Gua Sha to Clear Heat in the Body
by Chi Ling Chan
| Part 2 of a 5-part series exploring Traditional Chinese Medicine |
As Western society begins to understand how health and wellbeing is a multilayered process of integrating our physical, emotionally, mental, social, and spiritual aspects in a holistic way, many traditional practices from various cultures are being recognized for their effectiveness to enhance our wellbeing.
In the Beginning, there was Yin and Yang
Traditional Chinese Medicine (TCM) has its origins from over 2000 years ago. The founders of TCM, to which there are many, recognized that all beings of existence were interconnected with each other as well as with the environment and the universe. One of core principles of TCM is the theory of the yin and yang (pronounced “young”). The yin and yang theory is a rather in-depth study that one can spend an entire lifetime trying to master. Here we will scratch only the surface, covering the basics to begin a journey of learning.
Everything in the universe is made up of energy including our bodies. Our bodies comprise of two core energies, known as the yin and yang, which is in a perpetual motion of exchanges and that seek equilibrium. If there is an imbalance of yin and yang energies within the body, there will likely be some kind of dysfunction or ailment in the body as well. Vice versa, if there are ailments or sickness within the systems of the body, there is likely an imbalance of the yin and yang energies. To restore health is simply to restore balance. We will go more in depth regarding the various types of yin and yang relationships perhaps in another article.
The various practices of TCM include acupuncture, cupping, tui na, moxibustion, gua sha, and herbology. In this article, we will continue to explore the usage of Gua Sha. Gua sha is a simple but effective method of regulating the body’s qi (pronounced “chi”) flow and blood circulation. Traditionally, it is common to use tools such as a ceramic spoon, a coin, the lid of a jar, or anything with a smooth round edge to perform gua sha. Modern practice makes use of gua sha tools which can be made from jade, stone or water buffalo horn.
What Are Channels and Collaterals of the Body?
Gua sha stretches the tissues and dredges the meridians. So what are meridians (aka channels)? According to Chinese medicine, the meridians and collaterals are the pathways where the qi and blood flow and circulate. There are 12 main channels and each channel relate to one of the main organs in the body. These channels run up and down the body both front and back, while the collaterals are the branches of these meridians. The 12 main channels are connected to the organs internally while also extending out to the joints, limbs and other more superficial parts externally. As these meridians and collaterals circulate the qi and blood throughout the body, it nourishes the organs, bones, muscles, tendons, and skin. It goes without saying that when these channels and collaterals are blocked or deficient, an imbalance arises that can cause various dysfunctions in the body. Essentially, Chinese medicine is about restoring the balance of yin and yang as well as promoting the smooth flow of qi and blood in the channels and collaterals of the body.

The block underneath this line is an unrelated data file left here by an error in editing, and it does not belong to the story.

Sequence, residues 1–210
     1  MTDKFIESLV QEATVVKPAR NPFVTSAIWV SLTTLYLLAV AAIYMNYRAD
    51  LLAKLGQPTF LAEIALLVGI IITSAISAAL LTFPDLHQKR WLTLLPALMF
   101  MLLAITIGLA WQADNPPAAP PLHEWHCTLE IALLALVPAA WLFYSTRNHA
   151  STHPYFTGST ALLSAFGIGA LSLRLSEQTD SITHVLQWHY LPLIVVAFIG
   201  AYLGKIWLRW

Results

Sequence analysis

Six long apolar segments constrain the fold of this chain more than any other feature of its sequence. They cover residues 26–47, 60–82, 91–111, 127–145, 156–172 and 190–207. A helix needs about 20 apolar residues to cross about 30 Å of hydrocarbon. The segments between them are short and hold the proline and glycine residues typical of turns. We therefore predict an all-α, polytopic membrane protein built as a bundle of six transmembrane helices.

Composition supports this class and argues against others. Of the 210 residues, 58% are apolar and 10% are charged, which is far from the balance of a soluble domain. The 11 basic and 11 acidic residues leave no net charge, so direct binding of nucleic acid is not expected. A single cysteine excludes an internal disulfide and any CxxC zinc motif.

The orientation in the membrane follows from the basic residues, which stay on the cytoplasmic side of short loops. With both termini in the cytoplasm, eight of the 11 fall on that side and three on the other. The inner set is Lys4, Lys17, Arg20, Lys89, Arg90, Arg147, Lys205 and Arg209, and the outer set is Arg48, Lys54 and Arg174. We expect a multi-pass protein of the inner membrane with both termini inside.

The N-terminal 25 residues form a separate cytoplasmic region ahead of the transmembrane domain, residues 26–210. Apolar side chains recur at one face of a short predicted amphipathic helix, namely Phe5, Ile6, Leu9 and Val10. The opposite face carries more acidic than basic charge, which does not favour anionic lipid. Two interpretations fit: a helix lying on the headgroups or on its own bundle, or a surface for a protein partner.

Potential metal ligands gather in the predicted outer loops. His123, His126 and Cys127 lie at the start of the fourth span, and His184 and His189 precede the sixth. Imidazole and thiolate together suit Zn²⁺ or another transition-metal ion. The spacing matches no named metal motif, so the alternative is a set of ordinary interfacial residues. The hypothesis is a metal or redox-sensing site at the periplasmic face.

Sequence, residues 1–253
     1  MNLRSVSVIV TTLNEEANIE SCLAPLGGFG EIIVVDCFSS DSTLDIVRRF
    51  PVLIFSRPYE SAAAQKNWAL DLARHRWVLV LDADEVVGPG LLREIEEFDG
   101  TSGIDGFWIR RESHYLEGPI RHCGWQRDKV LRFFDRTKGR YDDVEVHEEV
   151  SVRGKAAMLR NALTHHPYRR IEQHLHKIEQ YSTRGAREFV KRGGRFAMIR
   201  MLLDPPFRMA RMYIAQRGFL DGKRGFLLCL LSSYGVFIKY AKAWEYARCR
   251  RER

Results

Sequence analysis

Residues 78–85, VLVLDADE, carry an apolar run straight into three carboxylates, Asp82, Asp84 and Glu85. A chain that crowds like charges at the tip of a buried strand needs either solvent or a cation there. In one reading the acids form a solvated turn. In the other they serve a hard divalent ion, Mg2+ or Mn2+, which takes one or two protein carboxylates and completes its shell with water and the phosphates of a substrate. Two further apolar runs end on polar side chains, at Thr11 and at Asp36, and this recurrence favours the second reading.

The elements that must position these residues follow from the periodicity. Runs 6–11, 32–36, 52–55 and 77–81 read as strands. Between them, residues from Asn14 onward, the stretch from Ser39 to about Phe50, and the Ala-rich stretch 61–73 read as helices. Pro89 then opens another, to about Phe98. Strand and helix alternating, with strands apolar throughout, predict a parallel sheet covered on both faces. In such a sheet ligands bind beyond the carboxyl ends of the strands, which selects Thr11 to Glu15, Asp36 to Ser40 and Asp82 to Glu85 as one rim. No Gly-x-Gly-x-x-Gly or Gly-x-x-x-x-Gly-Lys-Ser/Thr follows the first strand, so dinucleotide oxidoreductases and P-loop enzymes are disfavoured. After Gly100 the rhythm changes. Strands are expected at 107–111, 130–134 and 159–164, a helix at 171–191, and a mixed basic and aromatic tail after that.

How Does Gua Sha Clear Heat?
Blood and qi can easily become stagnated for a variety of reasons. In certain areas of China, the weather can become very hot and it is easy for one to become overheated. Gua sha is commonly used to clear overheating of the body. According to Chinese medicine, the external environment can potentially contain various pathogenic factors that may enter the skin and disturb the qi and blood flow of the body. For example, external pathogenic factors may include wind, dampness, cold, or heat that can easily enter through the surface, especially if the wei qi (pronounced “way-chi”) is weak or deficient. Gua sha has been known to clear heat and reduce fever or inflammation. The heat from the environment in the summer can easily become lodged in the body causing headaches or dizziness, or tightness in the areas of the neck and shoulders. Gua sha can be very effective in releasing the heat that’s trapped on the surface area of the body. To release heat, it is common to scrape areas of the back of the neck, the shoulders, the back and the outside part of the arms. These areas are most exposed to the external environment and therefore they are also the areas that are most susceptible to be invaded by external factors such as heat.
Where there is stagnation, there is pain. When qi and blood stagnate, it can often create heat as well as pain. When the qi and blood are able to flow more smoothly after performing gua sha, the pain in the area can be alleviated and the heat released from the body. By promoting the qi and blood to flow more smoothly, gua sha can help alleviate pain, boost the immune system, and restore regular functions of the body. Gua sha can also relax the body by smoothing out the qi and blood circulation. By stroking the gua sha tool over the skin, this allows the qi underneath the skin to flow. When the qi flows, the blood will also circulate, thus the blood will flow more easily to nourish various parts of the body and maintain balance.
If you are ready to add Gua sha to your wellness routine, Stoic Beauty's Jade Gua sha tools and Ousia Body Oil are a great way to begin your exploration journey.
The information is for your general use, so be sure to talk to a qualified healthcare professional before making medical decisions or if you have questions about your health.
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